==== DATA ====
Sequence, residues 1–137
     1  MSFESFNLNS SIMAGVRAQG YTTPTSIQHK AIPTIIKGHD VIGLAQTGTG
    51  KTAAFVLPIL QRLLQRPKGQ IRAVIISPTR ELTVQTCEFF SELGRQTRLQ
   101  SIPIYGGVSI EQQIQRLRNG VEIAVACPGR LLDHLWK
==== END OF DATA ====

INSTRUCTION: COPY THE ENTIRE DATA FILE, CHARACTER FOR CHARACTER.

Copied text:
Sequence, residues 1–137
     1  MSFESFNLNS SIMAGVRAQG YTTPTSIQHK AIPTIIKGHD VIGLAQTGTG
    51  KTAAFVLPIL QRLLQRPKGQ IRAVIISPTR ELTVQTCEFF SELGRQTRLQ
   101  SIPIYGGVSI EQQIQRLRNG VEIAVACPGR LLDHLWK